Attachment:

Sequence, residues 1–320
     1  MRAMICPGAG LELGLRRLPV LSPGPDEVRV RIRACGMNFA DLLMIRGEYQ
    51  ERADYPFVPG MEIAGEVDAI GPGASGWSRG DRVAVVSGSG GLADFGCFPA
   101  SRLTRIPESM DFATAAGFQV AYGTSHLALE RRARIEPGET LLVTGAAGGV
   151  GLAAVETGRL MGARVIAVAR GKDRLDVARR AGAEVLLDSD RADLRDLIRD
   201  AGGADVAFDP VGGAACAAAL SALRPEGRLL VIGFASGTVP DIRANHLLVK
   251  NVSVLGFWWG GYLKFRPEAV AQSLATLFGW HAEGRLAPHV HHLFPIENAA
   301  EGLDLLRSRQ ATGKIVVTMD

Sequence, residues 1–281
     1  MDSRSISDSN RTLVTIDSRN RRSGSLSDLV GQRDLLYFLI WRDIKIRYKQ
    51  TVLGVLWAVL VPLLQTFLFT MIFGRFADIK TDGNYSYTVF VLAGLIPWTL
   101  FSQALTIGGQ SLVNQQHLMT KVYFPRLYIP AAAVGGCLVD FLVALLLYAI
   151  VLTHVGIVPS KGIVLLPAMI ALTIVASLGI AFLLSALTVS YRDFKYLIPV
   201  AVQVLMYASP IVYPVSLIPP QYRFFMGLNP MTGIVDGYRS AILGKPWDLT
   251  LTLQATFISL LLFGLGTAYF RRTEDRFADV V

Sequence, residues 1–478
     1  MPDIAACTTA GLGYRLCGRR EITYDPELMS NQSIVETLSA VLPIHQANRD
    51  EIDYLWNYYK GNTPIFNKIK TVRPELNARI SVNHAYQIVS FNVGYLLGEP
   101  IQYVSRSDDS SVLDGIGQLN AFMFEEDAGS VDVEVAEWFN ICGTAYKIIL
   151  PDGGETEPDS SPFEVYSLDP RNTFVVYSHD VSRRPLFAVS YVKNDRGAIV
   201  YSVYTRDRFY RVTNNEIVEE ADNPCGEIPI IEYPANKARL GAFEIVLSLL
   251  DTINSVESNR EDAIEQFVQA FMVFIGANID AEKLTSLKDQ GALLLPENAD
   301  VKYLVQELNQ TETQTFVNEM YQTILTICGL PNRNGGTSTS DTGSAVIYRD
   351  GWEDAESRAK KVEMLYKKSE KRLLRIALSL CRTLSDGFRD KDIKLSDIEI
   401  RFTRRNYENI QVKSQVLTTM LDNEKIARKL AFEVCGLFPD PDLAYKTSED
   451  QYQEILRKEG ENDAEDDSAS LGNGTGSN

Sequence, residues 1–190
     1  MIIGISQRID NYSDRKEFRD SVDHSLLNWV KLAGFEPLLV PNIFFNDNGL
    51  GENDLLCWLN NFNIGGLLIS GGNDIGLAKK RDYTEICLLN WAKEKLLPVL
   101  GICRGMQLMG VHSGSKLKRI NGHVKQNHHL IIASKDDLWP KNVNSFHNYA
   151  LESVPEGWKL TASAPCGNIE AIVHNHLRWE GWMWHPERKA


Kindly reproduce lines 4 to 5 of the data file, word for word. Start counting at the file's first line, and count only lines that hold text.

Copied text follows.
   101  SRLTRIPESM DFATAAGFQV AYGTSHLALE RRARIEPGET LLVTGAAGGV
   151  GLAAVETGRL MGARVIAVAR GKDRLDVARR AGAEVLLDSD RADLRDLIRD